An arty and well-to-do coastal village minutes from Alkmaar, Bergen aan Zee is in the sandy folds of the North Holland dunes.
From as early as the 1600s the dunes, sky and sea were a source of inspiration to artists.
But it was the Expressionists and Cubists of the early 20th century who made their mark, and became known as the Bergen School.
You can get acquainted with the work of artists like Charley Toorop and John Rädecker at Museum Kranenburgh in the inland town of Bergen, a couple of kilometres away.
On a sunny summer’s day the Blue Flag beach is a slice of heaven, while the protected dunescape promises adventure and surprisingly diverse nature served by a network of maintained walking and cycling trails.
1. Bergen aan Zee Beach
Running north and south for as far as the eye can see, the beach at Bergen aan Zee comes close to many people’s idea of perfection.
First off, it’s never less than 100 metres wide, so if you value a bit of privacy you need only walk along up or down for a minute or two.
The water quality is exceptional, and Bergen aan Zee is practically guaranteed a Blue Flag each year.
The beach shelves very gradually, so bathing is generally safe for children.
And despite the sense of remoteness there are good facilities in summer, like lifeguards, beach huts, a surf school/watersports centre (more later) and lots of places to eat and drink.
The North and South Pavilions have sheltered terraces to protect you from the beach’s only possible drawback, its occasional raking wind.
2. Nordholländisches Dünenreservat
Bergen aan Zee is in the north of one of the Netherlands’ largest nature reserves, encompassing 20 kilometres of dunes and the highly varied ecosystems they support.
The pristine Sahara-like dunes can be most dramatic, but the reserve isn’t all sand, as there’s also oak and pine forest and grassland.
Herds of furry highland cattle help prevent the encroachment of the woodland on the dunes, and you should get to see wild horses from a distance.
After paying for a “Duincard” to enter the reserve, bike and walking trails convey you through some astonishing scenery, and you’ll understand just why the artist of the Bergen School were drawn to the area’s light.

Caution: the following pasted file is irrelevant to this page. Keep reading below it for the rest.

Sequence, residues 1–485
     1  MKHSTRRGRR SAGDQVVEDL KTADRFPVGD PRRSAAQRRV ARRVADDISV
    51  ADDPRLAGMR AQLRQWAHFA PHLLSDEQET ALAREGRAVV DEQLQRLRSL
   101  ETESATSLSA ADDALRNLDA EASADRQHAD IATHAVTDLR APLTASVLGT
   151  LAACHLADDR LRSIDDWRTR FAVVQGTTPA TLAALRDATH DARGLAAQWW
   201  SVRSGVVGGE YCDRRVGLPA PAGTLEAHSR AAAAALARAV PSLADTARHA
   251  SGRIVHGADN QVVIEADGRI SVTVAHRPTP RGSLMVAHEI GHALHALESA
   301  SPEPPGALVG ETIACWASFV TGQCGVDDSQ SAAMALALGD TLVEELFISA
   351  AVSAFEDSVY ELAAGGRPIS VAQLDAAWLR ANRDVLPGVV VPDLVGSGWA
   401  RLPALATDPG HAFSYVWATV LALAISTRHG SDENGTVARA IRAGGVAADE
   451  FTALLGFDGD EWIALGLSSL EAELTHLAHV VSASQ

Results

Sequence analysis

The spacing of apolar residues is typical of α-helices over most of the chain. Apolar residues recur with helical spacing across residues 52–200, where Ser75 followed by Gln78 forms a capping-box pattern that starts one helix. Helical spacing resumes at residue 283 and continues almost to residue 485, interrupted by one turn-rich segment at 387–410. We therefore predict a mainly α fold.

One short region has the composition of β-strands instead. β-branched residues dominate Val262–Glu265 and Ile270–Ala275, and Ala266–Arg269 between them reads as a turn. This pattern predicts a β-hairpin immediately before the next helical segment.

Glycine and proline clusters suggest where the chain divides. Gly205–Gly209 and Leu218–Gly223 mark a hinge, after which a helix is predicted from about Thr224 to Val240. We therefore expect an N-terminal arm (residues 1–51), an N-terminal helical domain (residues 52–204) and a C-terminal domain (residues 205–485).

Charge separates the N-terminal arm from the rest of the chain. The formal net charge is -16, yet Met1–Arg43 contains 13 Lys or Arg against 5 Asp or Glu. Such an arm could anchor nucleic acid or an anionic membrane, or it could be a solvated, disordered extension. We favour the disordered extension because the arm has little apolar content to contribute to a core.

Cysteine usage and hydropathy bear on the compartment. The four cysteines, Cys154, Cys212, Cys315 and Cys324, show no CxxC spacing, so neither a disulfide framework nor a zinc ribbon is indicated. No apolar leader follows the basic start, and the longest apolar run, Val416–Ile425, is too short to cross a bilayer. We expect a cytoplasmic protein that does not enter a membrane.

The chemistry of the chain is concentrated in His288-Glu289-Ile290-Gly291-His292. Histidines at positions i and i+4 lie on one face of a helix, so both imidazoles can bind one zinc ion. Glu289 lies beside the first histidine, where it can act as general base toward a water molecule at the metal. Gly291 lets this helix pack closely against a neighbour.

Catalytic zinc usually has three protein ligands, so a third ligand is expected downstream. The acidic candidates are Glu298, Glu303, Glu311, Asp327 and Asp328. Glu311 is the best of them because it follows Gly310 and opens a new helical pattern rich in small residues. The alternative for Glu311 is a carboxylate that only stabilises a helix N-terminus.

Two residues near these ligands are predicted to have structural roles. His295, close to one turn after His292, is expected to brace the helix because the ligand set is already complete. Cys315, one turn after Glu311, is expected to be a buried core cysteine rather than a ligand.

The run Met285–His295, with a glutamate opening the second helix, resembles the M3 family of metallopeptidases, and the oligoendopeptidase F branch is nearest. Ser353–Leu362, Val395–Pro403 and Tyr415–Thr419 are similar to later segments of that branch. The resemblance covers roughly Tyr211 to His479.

One surprise lurking among the pines is a dune-side ski resort, Il Primo, offering winter sport eight months a year.
3. Buitencentrum Schoorlse Duinen
Making your way through North Holland’s dunes you may be wondering how this environment originated, how it’s maintained and what kind of wildlife lives here.
Those questions can be answered at this visitor centre to the north of Bergen in the Schoorlse Duinen.
The centre lies in the shadow of the tallest sand dune in the Netherlands and has exhibitions about the dunes, their human history and their finely balanced ecosystems.
One factoid: More than 800 mushroom species have been counted in the Schoorlse Duinen in autumn.
The centre is at the nexus point for a tangle of walking trails and bike paths taking you though woods where beautiful pine orchids flower in July, and out into grassland where highland cattle chew the cud.
4. Museum Kranenburgh
A Neoclassical villa with a modern extension, Kranenburgh was founded as an art museum in 1993. The building dates back to 1882, and from 1968 to 1992 had been home to the artist and writer Ans Wortel.
The museum was opened by KunstenaarsCentrumBergen, an association of artists established in 1947 and which has counted luminaries like Charley Toorop, Constant Nieuwenhuijs and Adriaan Roland Holst among its members.
This is just the place to immerse yourself in the art of the Bergen School and its contemporaries like Else Berg, Gerrit van Blaaderen, Henri Le Fauconnier and Leo Gestel.
The revolutionary COBRA artist and poet Lucebert is represented in both the graphic collection and the sculpture garden, which also features pieces by Jan Willem Rädecker and Jan Toorop.
One of many things to love about the Noordhollands Duinreservaat is that there’s a paved trail snaking through this otherworldly environment.
Naturally you’ll see more of the dunes on a bike, and can use the trails to get to far flung stretches of beach.
Cyclists are well catered for too, with bike parking centres and places where you can hire a bike or get it serviced if you already have one.